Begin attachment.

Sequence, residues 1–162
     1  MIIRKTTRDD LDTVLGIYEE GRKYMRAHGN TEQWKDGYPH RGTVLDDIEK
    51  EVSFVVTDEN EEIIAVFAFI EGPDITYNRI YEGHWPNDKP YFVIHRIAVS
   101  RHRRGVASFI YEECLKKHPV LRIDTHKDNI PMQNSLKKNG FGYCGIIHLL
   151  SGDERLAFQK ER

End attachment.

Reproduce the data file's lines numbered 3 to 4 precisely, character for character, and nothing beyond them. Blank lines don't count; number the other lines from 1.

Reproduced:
    51  EVSFVVTDEN EEIIAVFAFI EGPDITYNRI YEGHWPNDKP YFVIHRIAVS
   101  RHRRGVASFI YEECLKKHPV LRIDTHKDNI PMQNSLKKNG FGYCGIIHLL